Reflecting on a discussion

It’s not long now until I have to revalidate for the first time and I am trying to be super organised.  As my revalidation date is at the start of September I thought it best to get everything sorted this side of the summer.  I have always been an overly organised person – when we go on a long dog walk I’m the person who takes bite cream and plasters just in case! My revalidation is no exception – I have lost count of the amount of times I have logged on to the NMCs revalidation website - to the extent that I apologise to the NMC as its me who is bumping up your visitor figures, which are sure to drop post September!

I now have my portfolio ready.  I opted for a paper version in the end – I can hear you all saying “what?” – however I tried digital but felt that I needed to really see, touch and visualise my portfolio.  I think that this has something to do with the way I learn, I need to use as many senses as possible and my revalidation is no exception.

IMG_2729I have divided the portfolio into colour-coded sections that correspond to each revalidation requirement. I have my feedback and have completed my reflections.  And this week I had my reflective discussion.

IMG_2730I have an unusual role being a self-employed nurse working in social media so I was a little worried about my reflective discussion.  I approached a fellow nurse, Wendy,  who tweets who I respect and who’s opinion I value and she kindly agreed to help.  We live quite far apart from each other so we decided to use Skype.  I emailed her my reflections so that she could read them before hand and we both sat down with a cup of tea and Skyped.

Having never experienced a reflective discussion before I’m not sure that I knew what to expect.  I was worried about being put “on the spot” or having to answer tricky questions but it wasn’t like that at all.  Wendy made me feel at ease, she used phrases like “I was really interested to read……” and she related my reflections to her own work and experiences.  We found that there were similarities in situations we had come across, particularly one challenging situation that I had reflected on,  but we had dealt with them differently.  We were able to look at why that was and how we would perhaps deal with similar experiences in the future.  We chatted for almost an hour – and stayed on topic ! I can’t thank Wendy enough for making the reflective discussion a positive and worthwhile experience.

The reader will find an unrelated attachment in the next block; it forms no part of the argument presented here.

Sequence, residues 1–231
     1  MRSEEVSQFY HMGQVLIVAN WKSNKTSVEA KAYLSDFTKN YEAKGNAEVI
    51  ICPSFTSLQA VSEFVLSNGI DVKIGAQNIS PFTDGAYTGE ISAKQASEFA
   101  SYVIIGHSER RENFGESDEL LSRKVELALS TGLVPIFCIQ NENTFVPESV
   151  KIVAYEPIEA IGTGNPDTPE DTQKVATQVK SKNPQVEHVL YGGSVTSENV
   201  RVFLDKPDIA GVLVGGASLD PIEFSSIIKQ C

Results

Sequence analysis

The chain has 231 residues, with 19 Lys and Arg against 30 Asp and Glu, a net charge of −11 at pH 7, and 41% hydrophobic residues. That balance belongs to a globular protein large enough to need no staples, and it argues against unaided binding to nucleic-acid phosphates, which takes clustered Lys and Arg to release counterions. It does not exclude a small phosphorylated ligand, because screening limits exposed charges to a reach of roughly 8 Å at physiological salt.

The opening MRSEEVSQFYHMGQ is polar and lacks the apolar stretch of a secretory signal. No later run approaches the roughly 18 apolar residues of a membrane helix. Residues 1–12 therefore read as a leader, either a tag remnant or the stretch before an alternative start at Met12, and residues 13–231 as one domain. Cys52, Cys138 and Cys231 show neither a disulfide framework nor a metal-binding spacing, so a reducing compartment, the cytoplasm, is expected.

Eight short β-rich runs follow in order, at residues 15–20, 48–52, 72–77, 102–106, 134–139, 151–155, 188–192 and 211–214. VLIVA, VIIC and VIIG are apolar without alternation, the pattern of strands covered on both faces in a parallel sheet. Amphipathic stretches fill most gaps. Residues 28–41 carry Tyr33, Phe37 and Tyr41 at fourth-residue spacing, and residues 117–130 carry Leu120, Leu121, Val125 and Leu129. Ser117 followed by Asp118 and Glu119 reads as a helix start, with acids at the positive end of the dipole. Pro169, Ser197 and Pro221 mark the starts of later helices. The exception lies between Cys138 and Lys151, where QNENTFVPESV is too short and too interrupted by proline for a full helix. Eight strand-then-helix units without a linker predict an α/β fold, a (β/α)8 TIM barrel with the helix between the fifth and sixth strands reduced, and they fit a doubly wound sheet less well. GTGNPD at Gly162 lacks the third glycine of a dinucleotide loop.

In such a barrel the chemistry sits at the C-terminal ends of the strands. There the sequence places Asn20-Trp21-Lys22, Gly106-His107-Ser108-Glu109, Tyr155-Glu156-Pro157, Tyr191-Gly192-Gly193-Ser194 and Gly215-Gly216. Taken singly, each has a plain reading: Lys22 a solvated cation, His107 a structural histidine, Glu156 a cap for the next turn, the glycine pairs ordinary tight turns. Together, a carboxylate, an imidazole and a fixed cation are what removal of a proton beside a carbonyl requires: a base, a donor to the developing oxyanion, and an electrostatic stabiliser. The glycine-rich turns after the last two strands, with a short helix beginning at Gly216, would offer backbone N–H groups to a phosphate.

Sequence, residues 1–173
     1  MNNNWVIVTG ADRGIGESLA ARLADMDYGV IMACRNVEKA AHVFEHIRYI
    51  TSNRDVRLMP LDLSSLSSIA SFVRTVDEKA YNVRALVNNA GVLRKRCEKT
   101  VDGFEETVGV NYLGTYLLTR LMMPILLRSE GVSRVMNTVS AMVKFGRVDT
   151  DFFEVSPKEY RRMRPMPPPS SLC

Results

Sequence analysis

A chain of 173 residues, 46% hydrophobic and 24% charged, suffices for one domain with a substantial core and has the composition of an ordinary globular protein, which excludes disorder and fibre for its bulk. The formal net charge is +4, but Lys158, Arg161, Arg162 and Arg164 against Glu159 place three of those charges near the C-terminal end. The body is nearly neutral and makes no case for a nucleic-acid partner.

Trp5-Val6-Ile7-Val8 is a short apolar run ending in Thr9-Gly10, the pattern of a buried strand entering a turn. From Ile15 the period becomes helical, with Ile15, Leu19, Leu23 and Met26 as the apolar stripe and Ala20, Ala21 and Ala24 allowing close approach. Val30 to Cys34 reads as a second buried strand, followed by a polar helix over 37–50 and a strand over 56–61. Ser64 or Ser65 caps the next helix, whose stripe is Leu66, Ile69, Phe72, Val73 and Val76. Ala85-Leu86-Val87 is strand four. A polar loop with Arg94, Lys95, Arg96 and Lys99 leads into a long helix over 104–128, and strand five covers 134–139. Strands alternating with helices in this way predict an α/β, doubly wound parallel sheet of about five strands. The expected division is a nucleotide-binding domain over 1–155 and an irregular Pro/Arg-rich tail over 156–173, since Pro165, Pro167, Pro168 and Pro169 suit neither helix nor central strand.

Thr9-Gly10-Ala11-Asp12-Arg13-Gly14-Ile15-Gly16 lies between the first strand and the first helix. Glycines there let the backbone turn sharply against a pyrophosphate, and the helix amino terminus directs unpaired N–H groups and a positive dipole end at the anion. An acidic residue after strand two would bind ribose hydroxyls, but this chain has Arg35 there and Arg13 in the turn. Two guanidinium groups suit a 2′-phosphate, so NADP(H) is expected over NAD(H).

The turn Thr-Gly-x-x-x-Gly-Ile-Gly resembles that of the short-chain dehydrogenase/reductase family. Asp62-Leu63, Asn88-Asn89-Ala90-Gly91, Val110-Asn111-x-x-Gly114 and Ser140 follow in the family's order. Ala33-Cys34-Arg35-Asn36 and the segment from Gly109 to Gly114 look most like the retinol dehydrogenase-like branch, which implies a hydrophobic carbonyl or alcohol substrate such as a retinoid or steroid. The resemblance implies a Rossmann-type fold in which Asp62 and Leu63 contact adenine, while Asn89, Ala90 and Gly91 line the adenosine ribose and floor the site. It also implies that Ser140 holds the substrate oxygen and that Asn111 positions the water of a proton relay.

The whole discussion has left me reflecting …. Did the reflective discussion help me to become a better nurse? I think perhaps it has …. It gave me time to stop, articulate thoughts, share experiences and understand the reasons for my actions.  It helped me to reason why I felt the way I did about some things and in turn I feel that this will help me in the future in applying learning and learning from experiences and feedback. I think that it has also given me a bit more confidence, people often say that a problem shared is a problem halved perhaps this is true for reflecting on challenging situations. There is a part of you, when faced with a challenging situation, that thinks “is it me?” By reflecting and discussing it can help with that feeling of being the only person to have experienced this and give confidence to act as needed in the future when faced with similar situations.

I hope that if ever I am asked to have a reflective discussion with someone I can do it to the same excellent standard as Wendy did for me, I certainly have a great role model to follow.

At the end of the discussion Wendy asked if I had someone to act as confirmer – I sheepishly said that I hoped that she would consider doing it and again she kindly agreed.  However my hefty, well organised portfolio is somewhat of a challenge in itself – so we decided this was a great excuse to meet up and catch up in person …… I will be hiring a trailer for my portfolio ;D